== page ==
François Quirouet had an unusual career for a Canadian in the first half of the 19th century, but it typified several interests in play at Quebec at the time. After making a fortune in the import trade, he became an influential figure in the financial élite. An assemblyman for nearly 14 years, he opposed the union bill of 1822 [see Denis-Benjamin Viger*], supported Louis-Joseph Papineau*, and fought against voting supplies en bloc [see Sir Francis Nathaniel Burton*]. In 1833, however, he apparently dissociated himself from the radicals and refused to back the resolutions denying the constitutional utility of the Legislative Council. He was appointed to the council that year and, unlike his colleague Viger, he never dissented from its decisions. On the outbreak of the rebellion, he was made a commissioner for administering the oath of allegiance. When he died at the age of 68 years and 7 months, all the leading citizens of the Bellechasse region attended his funeral; he was buried in the nave of the church of Saint-Gervais.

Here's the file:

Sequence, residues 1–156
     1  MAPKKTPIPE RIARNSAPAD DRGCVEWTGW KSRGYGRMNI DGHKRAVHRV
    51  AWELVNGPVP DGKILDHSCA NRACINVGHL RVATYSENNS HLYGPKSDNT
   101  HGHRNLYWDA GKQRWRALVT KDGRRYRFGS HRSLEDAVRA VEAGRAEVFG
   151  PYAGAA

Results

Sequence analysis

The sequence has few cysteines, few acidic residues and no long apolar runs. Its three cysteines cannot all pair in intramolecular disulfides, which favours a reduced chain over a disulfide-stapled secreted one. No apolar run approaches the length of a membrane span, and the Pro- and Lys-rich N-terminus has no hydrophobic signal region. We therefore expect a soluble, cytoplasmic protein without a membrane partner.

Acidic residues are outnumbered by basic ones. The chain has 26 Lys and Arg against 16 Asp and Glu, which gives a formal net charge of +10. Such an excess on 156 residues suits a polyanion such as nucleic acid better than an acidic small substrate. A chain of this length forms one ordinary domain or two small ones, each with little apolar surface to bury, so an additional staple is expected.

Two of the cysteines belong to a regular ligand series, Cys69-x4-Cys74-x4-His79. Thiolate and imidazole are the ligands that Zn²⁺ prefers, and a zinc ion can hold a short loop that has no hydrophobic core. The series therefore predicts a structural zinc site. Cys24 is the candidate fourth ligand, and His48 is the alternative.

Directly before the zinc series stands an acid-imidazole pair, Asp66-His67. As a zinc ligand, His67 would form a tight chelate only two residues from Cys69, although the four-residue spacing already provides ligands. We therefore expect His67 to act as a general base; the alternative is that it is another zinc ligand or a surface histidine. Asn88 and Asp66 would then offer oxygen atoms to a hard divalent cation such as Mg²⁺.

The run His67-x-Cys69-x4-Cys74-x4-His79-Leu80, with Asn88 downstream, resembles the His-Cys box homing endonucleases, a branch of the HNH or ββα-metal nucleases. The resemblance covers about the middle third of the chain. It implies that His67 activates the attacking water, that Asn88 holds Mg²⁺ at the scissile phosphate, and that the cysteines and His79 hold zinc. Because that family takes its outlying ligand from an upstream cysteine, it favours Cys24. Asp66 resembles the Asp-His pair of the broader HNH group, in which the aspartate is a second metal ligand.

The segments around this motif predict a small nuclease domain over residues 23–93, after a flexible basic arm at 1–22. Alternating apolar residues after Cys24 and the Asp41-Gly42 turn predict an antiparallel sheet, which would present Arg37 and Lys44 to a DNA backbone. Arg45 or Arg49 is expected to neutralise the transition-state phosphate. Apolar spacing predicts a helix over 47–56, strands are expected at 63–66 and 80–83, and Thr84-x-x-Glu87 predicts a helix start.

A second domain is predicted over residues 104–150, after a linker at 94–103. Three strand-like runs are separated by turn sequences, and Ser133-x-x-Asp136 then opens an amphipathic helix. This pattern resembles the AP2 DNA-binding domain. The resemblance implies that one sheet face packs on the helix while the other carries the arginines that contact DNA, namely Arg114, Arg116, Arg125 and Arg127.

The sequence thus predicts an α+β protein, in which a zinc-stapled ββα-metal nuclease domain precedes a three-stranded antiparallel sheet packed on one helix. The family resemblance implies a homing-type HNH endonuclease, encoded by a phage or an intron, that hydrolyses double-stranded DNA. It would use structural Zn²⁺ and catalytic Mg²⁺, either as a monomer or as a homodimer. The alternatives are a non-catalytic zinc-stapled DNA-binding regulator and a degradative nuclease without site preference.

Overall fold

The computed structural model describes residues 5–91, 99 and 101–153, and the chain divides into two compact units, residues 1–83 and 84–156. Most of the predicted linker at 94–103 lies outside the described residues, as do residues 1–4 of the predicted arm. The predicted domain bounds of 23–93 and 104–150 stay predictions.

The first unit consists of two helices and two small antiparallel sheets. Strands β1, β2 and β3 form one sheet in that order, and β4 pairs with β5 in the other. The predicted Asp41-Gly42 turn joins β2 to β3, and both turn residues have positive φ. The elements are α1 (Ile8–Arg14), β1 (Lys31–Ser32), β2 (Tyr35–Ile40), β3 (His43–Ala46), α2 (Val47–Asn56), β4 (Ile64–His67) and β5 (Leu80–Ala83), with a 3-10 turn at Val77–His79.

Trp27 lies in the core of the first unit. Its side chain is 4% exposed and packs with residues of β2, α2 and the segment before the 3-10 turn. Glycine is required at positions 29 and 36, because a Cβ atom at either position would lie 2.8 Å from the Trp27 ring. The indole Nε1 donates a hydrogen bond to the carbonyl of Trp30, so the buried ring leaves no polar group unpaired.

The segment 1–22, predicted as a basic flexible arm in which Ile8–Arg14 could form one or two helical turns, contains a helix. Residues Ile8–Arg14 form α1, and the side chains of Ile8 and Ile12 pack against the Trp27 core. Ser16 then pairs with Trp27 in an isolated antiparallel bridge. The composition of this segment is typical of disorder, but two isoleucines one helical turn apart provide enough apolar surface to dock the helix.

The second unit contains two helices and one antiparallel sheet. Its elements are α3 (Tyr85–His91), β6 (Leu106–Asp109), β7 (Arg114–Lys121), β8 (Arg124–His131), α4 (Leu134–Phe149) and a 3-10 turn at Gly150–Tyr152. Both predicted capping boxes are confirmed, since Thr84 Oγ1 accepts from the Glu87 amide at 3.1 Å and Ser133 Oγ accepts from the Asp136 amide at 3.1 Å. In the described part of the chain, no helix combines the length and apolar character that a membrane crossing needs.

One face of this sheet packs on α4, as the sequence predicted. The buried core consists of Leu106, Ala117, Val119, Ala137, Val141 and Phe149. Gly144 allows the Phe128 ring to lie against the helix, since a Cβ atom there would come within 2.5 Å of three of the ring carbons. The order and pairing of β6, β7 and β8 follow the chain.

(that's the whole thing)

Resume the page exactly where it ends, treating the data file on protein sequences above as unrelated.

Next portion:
ANQ-Q, CE1-1, 29 févr. 1776, 10 juin 1799; CE2-17, 30 sept. 1844. AVQ, I, 1, juillet 1814–juin 1823; V, B, juin 1823–mai 1833; VII, E, 1. PAC, RG 31, C1, 1825, Haute-Ville de Québec; 1831, Saint-Gervais; RG 68, General index, 1651–1841. L.C., House of Assembly, Journals, 1820–33; Legislative Council, Journals, 1834–37. Quebec Benevolent Soc., Rules of the Quebec Benevolent Society . . . (Quebec, 1819). Recensement de Québec, 1818 (Provost). F-J. Audet, “Les législateurs du Bas-Canada.” Desjardins, Guide parl. J.-J. Lefebvre, Le Canada, l’Amérique: géographie, histoire (éd. rév., Montréal, 1968). Quebec almanac, 1806–41. Quebec directory, 1822, 1826. Turcotte, Le Conseil législatif.